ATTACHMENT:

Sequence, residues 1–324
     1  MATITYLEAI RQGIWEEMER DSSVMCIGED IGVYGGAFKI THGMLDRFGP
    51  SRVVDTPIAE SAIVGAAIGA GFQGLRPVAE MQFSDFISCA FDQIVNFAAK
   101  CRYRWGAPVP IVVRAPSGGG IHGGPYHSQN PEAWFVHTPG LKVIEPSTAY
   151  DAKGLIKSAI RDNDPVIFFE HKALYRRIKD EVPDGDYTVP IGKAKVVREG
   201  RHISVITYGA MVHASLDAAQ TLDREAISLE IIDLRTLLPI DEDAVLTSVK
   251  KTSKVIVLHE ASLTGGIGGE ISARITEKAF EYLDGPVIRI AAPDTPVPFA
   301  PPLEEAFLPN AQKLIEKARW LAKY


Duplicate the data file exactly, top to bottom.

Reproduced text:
Sequence, residues 1–324
     1  MATITYLEAI RQGIWEEMER DSSVMCIGED IGVYGGAFKI THGMLDRFGP
    51  SRVVDTPIAE SAIVGAAIGA GFQGLRPVAE MQFSDFISCA FDQIVNFAAK
   101  CRYRWGAPVP IVVRAPSGGG IHGGPYHSQN PEAWFVHTPG LKVIEPSTAY
   151  DAKGLIKSAI RDNDPVIFFE HKALYRRIKD EVPDGDYTVP IGKAKVVREG
   201  RHISVITYGA MVHASLDAAQ TLDREAISLE IIDLRTLLPI DEDAVLTSVK
   251  KTSKVIVLHE ASLTGGIGGE ISARITEKAF EYLDGPVIRI AAPDTPVPFA
   301  PPLEEAFLPN AQKLIEKARW LAKY